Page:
Even the most battle hardened grind fan might burst into cold sweats during listening of Time To Panic, the new album from Canadian sonic assassins Nervous Impulse, but equally they will bask in the rewards of one hellacious and viciously compelling treat. The fifteen track fury is pure aural violence yet has an addictive character and contagious underbelly which lures you back time and time again into its excruciating bedlam. It has few charms to lure anyone with passions lying outside of death grind it is fair to say but for those with the right appetite, band and album are destructive manna.
Formed in 2007 by drummer Yan Chamberland (ex-Empathy Denied/Obscene Crisis), Nervous Impulse was soon stirring up sweat and tears with their ferocious sounds and debut album Enough for Dementia in 2009. With a line-up completed by vocalist Eric Fiset (ex-Empathy Denied/Obscene Crisis) , and guitarists Robert Guimond and Vincent Malo, the Montreal band swiftly drew potent and praising attention with the release. On its inception Chamberland had a clear vision of the band’s intent, “to produce the most insane and destructive musical achievement he could ever imagine in his extreme musical mind.” Enough for Dementia successfully went a long way to achieving the aim though hindsight now shows it was merely a starting point for greater hostilities. Live too the band left no one standing without support, bringing fans to their knees and bliss with shows which probably should have carried a health warning, much like Time To Panic. Line-up changes saw bassist Felix Bourcher and guitarist Bruno Mercier join the band before in 2013 Nervous Impulse signed with Nova Scotia based label Blast Head Records who now uncage their latest pestilential treat.
Recorded again with Hugues Deslauriers, who worked on their debut, Time To Panic opens with the bedlamic Intro before tearing out senses and psyche with Oil Spills. A battery of riffs and beats pummel from the first breath whilst vocals are a tirade of squalling rage. Whatever they are venting about who knows but there is no escaping their malice and rancor even within the strenuous winds of the sonic tempest. It is not all sheer violence though as grooves come with a virulent contagion and rhythms despite their insidious nature, are instinctively anthemic. The track is simultaneously insufferable and infectious just as the following Prorogued Democracy, an even more brutal and noxious confrontation. Gutturally swinish vocally and with an inhumane swagger, the track lurches with addictive magnetism as it tears the senses asunder with rapier swings of the drums and violates with carnal grooves amidst searing sonic enterprise. There is no sense, as across the whole album, of what is coming next or from what direction but whilst whimpering in sore bliss, the hunger for more overrides the suffering.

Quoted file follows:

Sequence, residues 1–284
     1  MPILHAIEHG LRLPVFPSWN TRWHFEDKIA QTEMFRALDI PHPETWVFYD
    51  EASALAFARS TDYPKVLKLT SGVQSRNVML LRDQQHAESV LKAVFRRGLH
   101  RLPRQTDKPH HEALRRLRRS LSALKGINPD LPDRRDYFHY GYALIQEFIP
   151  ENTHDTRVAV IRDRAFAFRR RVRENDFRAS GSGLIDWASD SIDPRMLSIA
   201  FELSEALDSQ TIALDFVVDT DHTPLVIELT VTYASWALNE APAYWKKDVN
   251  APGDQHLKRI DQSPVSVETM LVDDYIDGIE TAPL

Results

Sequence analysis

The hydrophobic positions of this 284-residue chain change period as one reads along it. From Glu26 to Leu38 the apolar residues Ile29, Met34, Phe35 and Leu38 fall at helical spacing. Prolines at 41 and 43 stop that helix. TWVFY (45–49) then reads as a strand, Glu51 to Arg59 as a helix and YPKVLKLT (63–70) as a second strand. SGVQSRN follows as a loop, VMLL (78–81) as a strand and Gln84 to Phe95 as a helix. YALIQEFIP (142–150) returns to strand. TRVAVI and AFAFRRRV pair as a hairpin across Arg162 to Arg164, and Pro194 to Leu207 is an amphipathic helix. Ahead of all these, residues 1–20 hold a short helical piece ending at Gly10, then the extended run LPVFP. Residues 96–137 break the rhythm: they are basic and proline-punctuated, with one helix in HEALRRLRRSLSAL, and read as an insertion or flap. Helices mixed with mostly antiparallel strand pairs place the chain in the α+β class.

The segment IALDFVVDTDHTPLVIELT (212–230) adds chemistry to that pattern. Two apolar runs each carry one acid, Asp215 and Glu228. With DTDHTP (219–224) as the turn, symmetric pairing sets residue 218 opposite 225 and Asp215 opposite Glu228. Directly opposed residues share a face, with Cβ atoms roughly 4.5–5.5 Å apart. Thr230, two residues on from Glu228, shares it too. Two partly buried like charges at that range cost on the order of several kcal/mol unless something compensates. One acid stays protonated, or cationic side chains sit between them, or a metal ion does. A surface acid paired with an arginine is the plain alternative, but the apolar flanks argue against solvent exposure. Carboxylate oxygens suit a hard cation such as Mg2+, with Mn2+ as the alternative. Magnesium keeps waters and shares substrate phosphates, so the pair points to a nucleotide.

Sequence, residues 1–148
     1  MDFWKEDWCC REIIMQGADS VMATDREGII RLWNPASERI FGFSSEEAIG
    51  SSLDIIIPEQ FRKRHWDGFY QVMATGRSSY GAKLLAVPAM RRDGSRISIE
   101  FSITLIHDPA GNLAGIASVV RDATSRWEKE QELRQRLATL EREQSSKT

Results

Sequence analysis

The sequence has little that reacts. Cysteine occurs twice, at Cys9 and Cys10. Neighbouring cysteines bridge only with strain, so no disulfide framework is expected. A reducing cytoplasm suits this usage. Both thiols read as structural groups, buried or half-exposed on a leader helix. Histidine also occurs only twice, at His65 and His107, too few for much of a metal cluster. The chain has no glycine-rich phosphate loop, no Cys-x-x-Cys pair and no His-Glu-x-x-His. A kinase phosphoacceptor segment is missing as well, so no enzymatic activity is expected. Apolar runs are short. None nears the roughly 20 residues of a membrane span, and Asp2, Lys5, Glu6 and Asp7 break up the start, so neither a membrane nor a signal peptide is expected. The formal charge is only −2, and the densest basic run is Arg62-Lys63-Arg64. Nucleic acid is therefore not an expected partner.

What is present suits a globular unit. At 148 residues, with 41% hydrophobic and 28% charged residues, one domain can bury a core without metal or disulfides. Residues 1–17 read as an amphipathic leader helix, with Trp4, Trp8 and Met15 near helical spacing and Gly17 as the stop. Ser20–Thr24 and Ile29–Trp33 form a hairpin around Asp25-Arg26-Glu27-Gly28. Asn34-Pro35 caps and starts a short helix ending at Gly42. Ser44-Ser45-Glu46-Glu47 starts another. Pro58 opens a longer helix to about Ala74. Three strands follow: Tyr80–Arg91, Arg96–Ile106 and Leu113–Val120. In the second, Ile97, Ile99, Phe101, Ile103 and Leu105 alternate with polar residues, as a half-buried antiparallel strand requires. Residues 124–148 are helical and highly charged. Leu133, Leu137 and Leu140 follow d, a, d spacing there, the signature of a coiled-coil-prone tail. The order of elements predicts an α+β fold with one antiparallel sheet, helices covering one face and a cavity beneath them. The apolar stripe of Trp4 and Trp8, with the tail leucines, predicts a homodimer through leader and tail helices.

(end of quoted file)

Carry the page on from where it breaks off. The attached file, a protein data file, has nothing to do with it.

Both the visceral carnage of Syrian NATO Meat Grinder and the toxic antagonism of Wing Clipper keep ears and imagination enthralled, both with individual characters working from a similar template, as most songs to be honest. They are soon spreading unique infestations of sonic abuse and rhythmic vehemence deep into the psyche, the latter of the pair developing a delicious bestial groove from which a melodically cast antipathy squirms whilst inviting richer involvement from its victim.
The insidious enthralling reflections of Nostalgic Memories, a track with more twists then a nightmare of slinkies, sets down a new plateau for the album. It is a web of varied vocal expulsions and tantalising grooves relentlessly bewitching the senses whilst the album’s following brief title track is sheer pain, and totally ravenous much as 9 Meals to Anarchy-Riot Solves Everything which follows and My Right to Medicate straight after. The first of the pair savages with drooling riffs and covetous grooved intent, every second and grunt an iniquitous temptation whilst the second is smog of evil and corrosive tenacity. For every tsunami of malignant noise upon the album though there is a whirlpool of fascinating invention and unpredictability, stronger in some than others but always working away seducing as impressively here or again in the barbaric onslaught of Eclipse of Personality with its rhythmic enterprise and predatory imagination.
As the heavy-duty malefactions of the deceptively catchy Overwhelming Positive Vibe, the aurally fearsome The Last Call, and the punk brawling of The Neighbor’s House Is on Fire come and go, thoughts and emotions continue to be buffeted and incited, the middle of the three especially gripping with its excellent bass endeavour. The final one of the trio is a hardcore/grind bred fest of hate and bad blood offering more diversity to the enmity of the album.
Completed by the excellent Dead Jeremians 2014 with its blood soaked twang and a fine cover of Vexed from Agoraphobic Nosebleed, Time to Panic is grind at its insatiable and creative best, and certainly in its most addictive form. Technically too, and at times hidden by the sheer erosive turbulence cast in songs, the band is a striking and impressive proposition. It is easy to understand the buzz around Nervous Impulse listening to their second album, but not so easy to remove the ringing in the ears and the bad dreams it inspires.
Time to Panic is available now via Blast Head Records @ http://blastheadrecords.bandcamp.com/album/time-to-panic and http://nervousimpulse.bigcartel.com/product/nervous-impulse-time-to-panic
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